Defining and Inferring Flows of Information in Neural Circuits

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While studying existing methods for inferring information flow in neuroscience, we recognized that Granger Causality does not always capture information flow about a specific message or stimulus. We were able to construct a counterexample wherein Granger Causality inferred the incorrect flow of a message, even when all nodes were observed and when there was no measurement noise. This counterexample also applied to generalizations of Granger Causality, such as Transfer Entropy and Directed Information. We believe that an important reason for the failure of Granger Causality-based tools in this context was the lack of a formal definition for information flow pertaining to a specific message (which could be the stimulus or response in a neuroscientific experiment). The development of such a definition, in turn, was impeded by the absence of a concrete theoretical framework that linked information flow about a message to empirical measurements. We addressed this fundamental gap in our understanding by proposing a new computational model of the brain, and by providing a new definition for information flow about a message within this model.

A central contribution of our work lies in recognizing that tracking the flow of information about a specific message requires that we also account for synergistic flows of information. To understand why, note that a message $M$ may be represented, in combination with some independent “noise” variable $Z$, as $M{+}Z$ and $Z$, across two different brain areas. Represented in this form, if the noise $Z$ is large, it can be very hard to ascertain the presence of information flow about $M$ in the combination $[M{+}Z, Z]$, unless we account for possible synergy between these two brain areas. Accounting for synergy, using conditional mutual information for instance, is thus crucial for tracking information flow in arbitrary computational systems. Relatedly, I have also begun exploring how synergy, along with other partial information measures such as uniqueness and redundancy, arise and interact in neural encoding using entorhinal grid cells as a case study (Venkatesh and Grover, Cosyne, 2020).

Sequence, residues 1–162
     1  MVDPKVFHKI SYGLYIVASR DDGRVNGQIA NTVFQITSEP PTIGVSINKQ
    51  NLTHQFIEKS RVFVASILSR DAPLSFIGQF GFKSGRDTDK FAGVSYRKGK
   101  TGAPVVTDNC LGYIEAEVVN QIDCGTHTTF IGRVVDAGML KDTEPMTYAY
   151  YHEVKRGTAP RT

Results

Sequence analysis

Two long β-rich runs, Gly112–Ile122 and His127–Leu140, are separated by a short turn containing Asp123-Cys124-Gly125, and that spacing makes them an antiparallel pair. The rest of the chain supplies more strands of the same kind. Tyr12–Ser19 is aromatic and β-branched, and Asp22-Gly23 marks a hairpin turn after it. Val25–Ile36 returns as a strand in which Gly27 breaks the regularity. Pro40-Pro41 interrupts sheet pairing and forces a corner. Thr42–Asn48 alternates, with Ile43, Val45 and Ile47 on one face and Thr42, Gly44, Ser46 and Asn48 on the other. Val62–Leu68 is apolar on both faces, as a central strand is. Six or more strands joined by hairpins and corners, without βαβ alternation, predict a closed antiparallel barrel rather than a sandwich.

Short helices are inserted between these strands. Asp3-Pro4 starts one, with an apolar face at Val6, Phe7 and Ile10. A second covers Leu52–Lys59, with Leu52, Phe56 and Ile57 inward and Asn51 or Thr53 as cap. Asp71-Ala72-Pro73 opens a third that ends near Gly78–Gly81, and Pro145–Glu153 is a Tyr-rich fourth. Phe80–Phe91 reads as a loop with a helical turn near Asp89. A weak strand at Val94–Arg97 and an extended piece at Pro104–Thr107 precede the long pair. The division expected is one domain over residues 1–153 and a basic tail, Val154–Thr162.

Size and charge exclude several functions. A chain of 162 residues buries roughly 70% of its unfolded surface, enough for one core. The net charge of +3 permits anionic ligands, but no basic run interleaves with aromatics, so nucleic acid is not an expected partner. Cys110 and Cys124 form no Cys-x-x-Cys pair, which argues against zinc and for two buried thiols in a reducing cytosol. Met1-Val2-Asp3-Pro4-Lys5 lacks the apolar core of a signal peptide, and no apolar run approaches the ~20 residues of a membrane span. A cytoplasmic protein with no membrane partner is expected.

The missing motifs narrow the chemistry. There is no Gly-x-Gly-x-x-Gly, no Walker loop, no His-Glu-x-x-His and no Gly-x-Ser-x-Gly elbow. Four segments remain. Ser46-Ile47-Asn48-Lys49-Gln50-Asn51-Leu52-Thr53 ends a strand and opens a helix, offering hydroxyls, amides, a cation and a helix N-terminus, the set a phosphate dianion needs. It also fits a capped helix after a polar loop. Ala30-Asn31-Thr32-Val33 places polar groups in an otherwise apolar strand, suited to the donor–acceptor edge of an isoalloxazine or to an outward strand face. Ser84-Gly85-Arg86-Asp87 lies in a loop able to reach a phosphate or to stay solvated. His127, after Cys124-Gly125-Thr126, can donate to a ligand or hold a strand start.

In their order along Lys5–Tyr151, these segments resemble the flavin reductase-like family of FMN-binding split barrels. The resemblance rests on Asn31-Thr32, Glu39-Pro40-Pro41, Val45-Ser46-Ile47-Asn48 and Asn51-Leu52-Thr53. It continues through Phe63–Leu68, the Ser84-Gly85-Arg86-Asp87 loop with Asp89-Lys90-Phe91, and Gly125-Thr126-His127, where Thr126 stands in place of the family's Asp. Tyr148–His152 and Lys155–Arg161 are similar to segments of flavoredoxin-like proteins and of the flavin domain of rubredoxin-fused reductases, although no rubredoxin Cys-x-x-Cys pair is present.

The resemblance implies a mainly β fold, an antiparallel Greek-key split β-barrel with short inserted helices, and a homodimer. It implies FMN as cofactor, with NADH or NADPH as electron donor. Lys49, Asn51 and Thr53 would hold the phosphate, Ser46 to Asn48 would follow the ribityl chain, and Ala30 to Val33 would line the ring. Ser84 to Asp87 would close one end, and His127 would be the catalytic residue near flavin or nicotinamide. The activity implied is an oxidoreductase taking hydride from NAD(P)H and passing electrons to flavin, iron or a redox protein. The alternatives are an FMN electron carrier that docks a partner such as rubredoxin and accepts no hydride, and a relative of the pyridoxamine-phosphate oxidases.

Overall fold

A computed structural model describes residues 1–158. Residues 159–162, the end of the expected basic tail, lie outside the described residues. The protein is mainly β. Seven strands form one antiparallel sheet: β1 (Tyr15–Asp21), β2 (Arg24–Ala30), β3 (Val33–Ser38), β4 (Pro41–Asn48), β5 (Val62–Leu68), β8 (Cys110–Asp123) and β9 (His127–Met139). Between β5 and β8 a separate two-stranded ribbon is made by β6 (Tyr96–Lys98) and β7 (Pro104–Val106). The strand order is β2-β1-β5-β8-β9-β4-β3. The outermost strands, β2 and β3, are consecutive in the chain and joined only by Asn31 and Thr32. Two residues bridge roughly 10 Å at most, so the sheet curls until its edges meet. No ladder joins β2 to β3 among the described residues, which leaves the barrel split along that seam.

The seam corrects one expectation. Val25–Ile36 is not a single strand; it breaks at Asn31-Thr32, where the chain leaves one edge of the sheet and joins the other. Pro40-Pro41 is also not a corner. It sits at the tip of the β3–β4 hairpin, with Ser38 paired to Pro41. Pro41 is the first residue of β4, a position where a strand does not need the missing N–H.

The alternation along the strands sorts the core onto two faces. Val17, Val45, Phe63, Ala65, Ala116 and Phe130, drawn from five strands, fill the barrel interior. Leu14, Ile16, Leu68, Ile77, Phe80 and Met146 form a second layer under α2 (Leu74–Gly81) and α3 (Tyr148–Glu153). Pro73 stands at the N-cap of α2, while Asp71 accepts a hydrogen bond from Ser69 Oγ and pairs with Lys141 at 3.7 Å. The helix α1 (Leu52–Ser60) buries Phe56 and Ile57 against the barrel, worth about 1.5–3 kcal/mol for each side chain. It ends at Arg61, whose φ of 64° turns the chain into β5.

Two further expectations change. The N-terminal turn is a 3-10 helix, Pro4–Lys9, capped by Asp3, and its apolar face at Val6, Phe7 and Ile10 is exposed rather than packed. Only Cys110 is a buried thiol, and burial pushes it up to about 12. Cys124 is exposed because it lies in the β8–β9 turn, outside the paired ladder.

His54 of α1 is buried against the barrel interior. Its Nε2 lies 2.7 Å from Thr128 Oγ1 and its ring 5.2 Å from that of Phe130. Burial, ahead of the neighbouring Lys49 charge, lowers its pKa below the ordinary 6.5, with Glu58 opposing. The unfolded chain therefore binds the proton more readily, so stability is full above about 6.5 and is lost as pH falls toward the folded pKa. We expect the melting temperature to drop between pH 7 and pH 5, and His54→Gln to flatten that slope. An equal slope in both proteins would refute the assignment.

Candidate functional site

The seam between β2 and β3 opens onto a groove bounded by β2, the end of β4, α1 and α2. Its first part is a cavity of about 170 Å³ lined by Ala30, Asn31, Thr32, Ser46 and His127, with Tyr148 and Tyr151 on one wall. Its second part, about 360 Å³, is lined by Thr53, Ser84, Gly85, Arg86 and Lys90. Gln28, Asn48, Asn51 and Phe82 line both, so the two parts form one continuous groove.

Cannot track information flow without accounting for synergy

Our new measure of information flow does not have the same pitfalls as Granger Causality, while satisfying our intuition in several canonical examples of computational systems. The full impact of this work continues to be realized, as we explore new measures in greater depth, demonstrate and validate these methods on artificial neural networks, and examine the causal implications of making interventions based on information flow inferences.

 Main paper in Transactions on Info Theory  2015 Granger Causality Counterexample paper  2020 ISIT paper on alternative definitions

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